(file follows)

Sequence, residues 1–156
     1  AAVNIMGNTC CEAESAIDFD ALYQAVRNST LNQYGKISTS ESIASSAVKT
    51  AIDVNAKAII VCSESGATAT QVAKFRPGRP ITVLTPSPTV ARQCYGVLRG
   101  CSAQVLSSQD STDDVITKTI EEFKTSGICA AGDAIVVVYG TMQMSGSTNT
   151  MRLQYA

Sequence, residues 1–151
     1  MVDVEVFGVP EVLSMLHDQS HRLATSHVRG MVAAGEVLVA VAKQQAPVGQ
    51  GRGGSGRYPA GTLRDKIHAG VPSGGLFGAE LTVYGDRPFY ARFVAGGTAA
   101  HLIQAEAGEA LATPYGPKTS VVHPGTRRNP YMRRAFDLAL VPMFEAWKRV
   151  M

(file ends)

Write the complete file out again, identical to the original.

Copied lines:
Sequence, residues 1–156
     1  AAVNIMGNTC CEAESAIDFD ALYQAVRNST LNQYGKISTS ESIASSAVKT
    51  AIDVNAKAII VCSESGATAT QVAKFRPGRP ITVLTPSPTV ARQCYGVLRG
   101  CSAQVLSSQD STDDVITKTI EEFKTSGICA AGDAIVVVYG TMQMSGSTNT
   151  MRLQYA

Sequence, residues 1–151
     1  MVDVEVFGVP EVLSMLHDQS HRLATSHVRG MVAAGEVLVA VAKQQAPVGQ
    51  GRGGSGRYPA GTLRDKIHAG VPSGGLFGAE LTVYGDRPFY ARFVAGGTAA
   101  HLIQAEAGEA LATPYGPKTS VVHPGTRRNP YMRRAFDLAL VPMFEAWKRV
   151  M